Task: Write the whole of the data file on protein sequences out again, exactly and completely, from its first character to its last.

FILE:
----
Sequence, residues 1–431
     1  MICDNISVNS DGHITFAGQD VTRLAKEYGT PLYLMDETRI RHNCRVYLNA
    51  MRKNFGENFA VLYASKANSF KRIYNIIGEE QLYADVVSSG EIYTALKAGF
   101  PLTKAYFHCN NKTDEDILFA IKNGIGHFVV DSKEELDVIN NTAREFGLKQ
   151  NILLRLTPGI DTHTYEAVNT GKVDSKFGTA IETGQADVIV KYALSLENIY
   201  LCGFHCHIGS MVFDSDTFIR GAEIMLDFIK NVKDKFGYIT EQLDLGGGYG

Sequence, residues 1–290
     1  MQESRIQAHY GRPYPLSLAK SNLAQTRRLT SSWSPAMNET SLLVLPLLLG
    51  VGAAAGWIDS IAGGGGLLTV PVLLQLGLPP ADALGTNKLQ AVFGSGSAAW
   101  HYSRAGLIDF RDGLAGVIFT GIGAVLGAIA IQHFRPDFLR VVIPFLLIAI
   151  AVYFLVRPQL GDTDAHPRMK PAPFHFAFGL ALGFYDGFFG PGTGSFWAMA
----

Sequence, residues 1–431
     1  MICDNISVNS DGHITFAGQD VTRLAKEYGT PLYLMDETRI RHNCRVYLNA
    51  MRKNFGENFA VLYASKANSF KRIYNIIGEE QLYADVVSSG EIYTALKAGF
   101  PLTKAYFHCN NKTDEDILFA IKNGIGHFVV DSKEELDVIN NTAREFGLKQ
   151  NILLRLTPGI DTHTYEAVNT GKVDSKFGTA IETGQADVIV KYALSLENIY
   201  LCGFHCHIGS MVFDSDTFIR GAEIMLDFIK NVKDKFGYIT EQLDLGGGYG

Sequence, residues 1–290
     1  MQESRIQAHY GRPYPLSLAK SNLAQTRRLT SSWSPAMNET SLLVLPLLLG
    51  VGAAAGWIDS IAGGGGLLTV PVLLQLGLPP ADALGTNKLQ AVFGSGSAAW
   101  HYSRAGLIDF RDGLAGVIFT GIGAVLGAIA IQHFRPDFLR VVIPFLLIAI
   151  AVYFLVRPQL GDTDAHPRMK PAPFHFAFGL ALGFYDGFFG PGTGSFWAMA